Regulation of Human Cellular Immune Responses by Glucocorticosteroids

  • George C. Tsokos
  • James E. Balow


That glucocorticosteroids (GCS) are involved in the regulation of the immune response was implied by Dr. Addison as early as the 1850’s, in his observations on disease states which today carry his name. It was not until the 1930’s when it was demonstrated that GCS exhibit powerful thymolytic and lympholytic activities in vivo and later on (1940’s) in vitro. During the decade of 1940 Hench and his colleagues reported spectacular therapeutic effects of cortisone in patients with rheumatoid arthritis (1). During the next decade GCS were used extensively in the treatment of various immune diseases including systemic lupus erythematosus. During the 1960’s several investigators started intensive studies aimed at the dissection of the metabolic effects of GCS on several cells (2–4). The decade of 1970’s saw elegant studies which addressed the question of the immunoregulation associated with GCS both in vitro and in vivo (5–8). GCS have been found to modulate every phase of human and animal immune responses. Several described effects of GCS on different phases of the immune response cannot be easily integrated to define the precise mechanism(s) of action of these agents. Studies in animals have helped significantly the understanding of the mode of action of GCS. The ultimate understanding of the modulation of the human immune response has been impeded by the different concentration ranges which obtain optimal effects in vivo and in vitro. In addition the interspecies differences in tissue sensitivity to GCS makes extrapolation of results from animal studies to humans difficult (8,9). The present chapter will update the current knowledge of the effects of GCS on the cellular immune response, i.e. effects on peripheral mononuclear cells, cytotoxic and proliferative responses, suppressor cell function, lymphokine production and B lymphocyte responses.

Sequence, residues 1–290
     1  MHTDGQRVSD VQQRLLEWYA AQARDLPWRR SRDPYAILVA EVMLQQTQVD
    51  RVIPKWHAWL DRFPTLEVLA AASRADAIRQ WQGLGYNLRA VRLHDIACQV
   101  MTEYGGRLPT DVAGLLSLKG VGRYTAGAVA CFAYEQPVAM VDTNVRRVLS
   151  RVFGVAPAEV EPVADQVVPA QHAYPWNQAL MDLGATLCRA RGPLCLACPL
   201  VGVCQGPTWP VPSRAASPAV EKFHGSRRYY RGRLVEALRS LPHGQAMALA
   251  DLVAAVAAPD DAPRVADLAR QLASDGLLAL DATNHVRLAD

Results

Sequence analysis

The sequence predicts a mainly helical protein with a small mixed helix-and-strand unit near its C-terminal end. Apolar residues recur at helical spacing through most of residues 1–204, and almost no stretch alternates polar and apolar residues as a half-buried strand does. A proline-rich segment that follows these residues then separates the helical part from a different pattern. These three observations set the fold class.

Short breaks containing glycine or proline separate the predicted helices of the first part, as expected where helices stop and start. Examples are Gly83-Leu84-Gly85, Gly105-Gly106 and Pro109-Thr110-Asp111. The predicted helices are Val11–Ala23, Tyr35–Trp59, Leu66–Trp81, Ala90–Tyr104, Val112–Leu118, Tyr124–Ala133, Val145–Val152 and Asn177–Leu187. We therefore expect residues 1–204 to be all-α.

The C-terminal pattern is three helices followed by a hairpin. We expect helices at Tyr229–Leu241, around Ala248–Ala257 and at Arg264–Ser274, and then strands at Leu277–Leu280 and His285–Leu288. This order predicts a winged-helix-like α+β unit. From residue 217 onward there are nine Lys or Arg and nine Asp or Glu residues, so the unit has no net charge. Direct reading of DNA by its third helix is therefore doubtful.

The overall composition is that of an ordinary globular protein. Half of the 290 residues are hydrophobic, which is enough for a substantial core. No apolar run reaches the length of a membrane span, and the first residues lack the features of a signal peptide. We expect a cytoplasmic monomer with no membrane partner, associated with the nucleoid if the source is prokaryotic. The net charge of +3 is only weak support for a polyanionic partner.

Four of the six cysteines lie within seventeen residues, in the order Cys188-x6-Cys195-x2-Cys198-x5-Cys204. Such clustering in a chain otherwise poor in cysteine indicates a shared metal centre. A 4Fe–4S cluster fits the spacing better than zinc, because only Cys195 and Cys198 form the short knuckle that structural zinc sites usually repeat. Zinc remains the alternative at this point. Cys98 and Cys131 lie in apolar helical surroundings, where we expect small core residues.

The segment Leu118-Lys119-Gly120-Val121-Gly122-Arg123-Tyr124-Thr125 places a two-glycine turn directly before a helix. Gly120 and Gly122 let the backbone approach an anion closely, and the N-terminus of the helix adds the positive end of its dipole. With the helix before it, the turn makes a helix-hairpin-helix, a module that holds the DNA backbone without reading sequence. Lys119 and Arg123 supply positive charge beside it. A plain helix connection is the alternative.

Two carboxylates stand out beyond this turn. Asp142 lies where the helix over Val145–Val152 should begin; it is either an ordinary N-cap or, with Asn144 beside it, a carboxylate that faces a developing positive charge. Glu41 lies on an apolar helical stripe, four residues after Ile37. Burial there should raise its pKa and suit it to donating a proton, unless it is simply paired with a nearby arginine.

Migration Inhibitory Factor Suppressor Cell Autoimmune Hemolytic Anemia Common Variable Immunodeficiency Immunoglobulin Production 
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Copyright information

© Springer Science+Business Media New York 1986

Authors and Affiliations

  • George C. Tsokos
    • 1
  • James E. Balow
    • 1
  1. 1.Arthritis and Rheumatism Branch National Institute of Arthritis, Diabetes, and Digestive and Kidney DiseasesNational Institutes of HealthBethesdaUSA

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